set up an unconventional household with Grant’s lover, the author David Garnett. They transformed the farmhouse’s dark, damp interiors with an abundance of colourful decoration: still lives, animals, dancers and abstract patterns are daubed on walls, doors and furniture – even onto bed frames. Over the following decades, the house became a meeting place for artists, writers and intellectuals.
Bell had learned how to throw during the Omega days but had little interest in mastering the complexities of potting. Instead she and Grant turned to painting blanks thrown by others – including, later, by Bell’s son, Quentin (‘We shall all be able to make a little extra cash by twiddling our brushes about on his pots’, wrote Bell in 1926). A small kiln was built at Charleston in 1937, and from this Quentin Bell produced domestic wares and sculptures. These dot the surfaces of their unconventional home – loosely potted, cheerfully painted earthenware with a naïve aesthetic well-matched to the Staffordshire f latbacks and folk art figurines of which they were fond.
To create the Famous Women Dinner Service, Grant and Bell decided against making pieces themselves or using those made by more skilled peers. Instead, they toured Wedgwood’s factories to choose blanks, settling on creamware (a robust high-fired earthenware) and a limited palette of yellow, brown, blue and black glazes. With each portrait framed by the circular plate, they recall that famous description of the Bloomsbury group: ‘they lived in squares, painted in circles and loved in triangles.’ TOURING AMBASSADORS Although Kenneth Clark may have known little of what was coming, his wife Jane discussed the commission extensively with Bell; it was two years before the artists settled on their final shortlist of characters. The portraits, mostly based on paintings or photographs, were painted at Charleston and the plates sent to Stoke-on-Trent for glaze firing. In 2015, preparatory sketches and a handful of test plates were found in the attic and placed on show in Grant’s studio.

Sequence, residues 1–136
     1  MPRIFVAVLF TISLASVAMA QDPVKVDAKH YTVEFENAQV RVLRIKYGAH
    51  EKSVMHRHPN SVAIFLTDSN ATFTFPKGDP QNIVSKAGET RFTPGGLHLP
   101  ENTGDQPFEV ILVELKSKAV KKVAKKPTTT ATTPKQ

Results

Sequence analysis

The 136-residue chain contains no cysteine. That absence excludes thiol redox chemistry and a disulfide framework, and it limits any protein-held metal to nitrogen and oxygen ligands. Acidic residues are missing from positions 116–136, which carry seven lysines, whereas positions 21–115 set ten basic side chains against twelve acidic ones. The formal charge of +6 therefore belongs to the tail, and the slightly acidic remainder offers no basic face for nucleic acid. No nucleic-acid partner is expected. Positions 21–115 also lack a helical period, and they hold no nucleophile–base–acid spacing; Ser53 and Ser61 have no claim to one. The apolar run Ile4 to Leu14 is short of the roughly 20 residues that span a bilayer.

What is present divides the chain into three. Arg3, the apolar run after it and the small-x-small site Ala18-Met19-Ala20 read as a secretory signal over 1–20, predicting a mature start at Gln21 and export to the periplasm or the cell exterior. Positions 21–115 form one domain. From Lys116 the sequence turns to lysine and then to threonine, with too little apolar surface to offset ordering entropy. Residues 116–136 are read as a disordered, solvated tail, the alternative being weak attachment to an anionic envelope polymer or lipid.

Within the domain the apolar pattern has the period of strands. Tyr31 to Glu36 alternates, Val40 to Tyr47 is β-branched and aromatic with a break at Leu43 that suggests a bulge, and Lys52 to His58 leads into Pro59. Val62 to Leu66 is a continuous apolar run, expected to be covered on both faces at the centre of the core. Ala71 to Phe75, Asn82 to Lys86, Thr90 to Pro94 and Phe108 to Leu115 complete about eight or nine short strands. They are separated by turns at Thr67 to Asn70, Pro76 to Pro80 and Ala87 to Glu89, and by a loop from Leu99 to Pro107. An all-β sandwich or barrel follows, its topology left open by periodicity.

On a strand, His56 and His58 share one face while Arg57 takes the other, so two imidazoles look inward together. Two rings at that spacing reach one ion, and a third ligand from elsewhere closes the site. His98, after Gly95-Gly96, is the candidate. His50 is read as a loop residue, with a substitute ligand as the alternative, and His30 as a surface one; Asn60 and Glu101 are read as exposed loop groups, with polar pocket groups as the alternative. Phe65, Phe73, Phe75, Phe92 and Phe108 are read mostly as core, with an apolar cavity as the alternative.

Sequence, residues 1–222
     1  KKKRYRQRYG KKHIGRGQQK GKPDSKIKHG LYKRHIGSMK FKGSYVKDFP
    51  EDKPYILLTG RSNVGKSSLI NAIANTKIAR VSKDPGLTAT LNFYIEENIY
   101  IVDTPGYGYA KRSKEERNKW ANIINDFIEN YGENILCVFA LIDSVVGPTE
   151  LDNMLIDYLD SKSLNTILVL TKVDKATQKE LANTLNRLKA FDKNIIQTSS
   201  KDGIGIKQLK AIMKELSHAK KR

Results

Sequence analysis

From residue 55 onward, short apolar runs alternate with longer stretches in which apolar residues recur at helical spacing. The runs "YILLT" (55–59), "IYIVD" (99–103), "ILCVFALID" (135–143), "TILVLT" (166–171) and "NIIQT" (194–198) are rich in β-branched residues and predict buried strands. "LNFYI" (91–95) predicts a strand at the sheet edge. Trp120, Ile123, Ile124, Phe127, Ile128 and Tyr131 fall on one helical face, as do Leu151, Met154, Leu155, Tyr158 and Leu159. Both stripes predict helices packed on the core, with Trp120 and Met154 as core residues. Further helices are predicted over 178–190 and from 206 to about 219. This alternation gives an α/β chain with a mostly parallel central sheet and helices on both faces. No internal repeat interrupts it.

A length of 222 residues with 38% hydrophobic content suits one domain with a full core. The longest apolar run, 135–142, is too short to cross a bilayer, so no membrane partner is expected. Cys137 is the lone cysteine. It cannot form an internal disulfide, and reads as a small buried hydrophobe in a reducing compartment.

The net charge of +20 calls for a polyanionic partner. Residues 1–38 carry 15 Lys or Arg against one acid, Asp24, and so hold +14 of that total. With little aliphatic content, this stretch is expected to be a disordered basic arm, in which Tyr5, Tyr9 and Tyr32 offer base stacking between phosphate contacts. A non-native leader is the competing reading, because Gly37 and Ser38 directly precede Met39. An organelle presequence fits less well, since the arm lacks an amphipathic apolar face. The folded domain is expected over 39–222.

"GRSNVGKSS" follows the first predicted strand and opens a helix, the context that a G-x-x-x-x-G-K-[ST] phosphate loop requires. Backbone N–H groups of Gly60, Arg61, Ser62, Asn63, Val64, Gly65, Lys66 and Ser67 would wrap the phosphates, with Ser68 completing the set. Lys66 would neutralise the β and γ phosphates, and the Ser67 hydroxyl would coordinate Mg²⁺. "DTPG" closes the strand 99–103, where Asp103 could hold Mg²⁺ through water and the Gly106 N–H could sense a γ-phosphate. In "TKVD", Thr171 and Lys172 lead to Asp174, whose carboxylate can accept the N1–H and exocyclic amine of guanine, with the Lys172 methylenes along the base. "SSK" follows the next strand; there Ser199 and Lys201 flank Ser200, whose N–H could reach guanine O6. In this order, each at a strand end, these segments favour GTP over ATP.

‘We are in discussions with several museums and building a touring schedule for the Famous Women, both abroad and in the UK for 2020–21. The plates will then return to Charleston,’ says Dr Clarke, who describes the Famous Women as ‘ambassadors’.
‘By sending the plates out into the world, more people will be aware of the artists and the wider group, and will think of them in a new, more political light,’ he explains. ‘I hope they will help encourage people to visit Charleston to experience the place first-hand, and to find out more about these extraordinary artists.’
Visit charleston.org.uk; piano-nobile.com
26 Ceramic Review | July/August 2019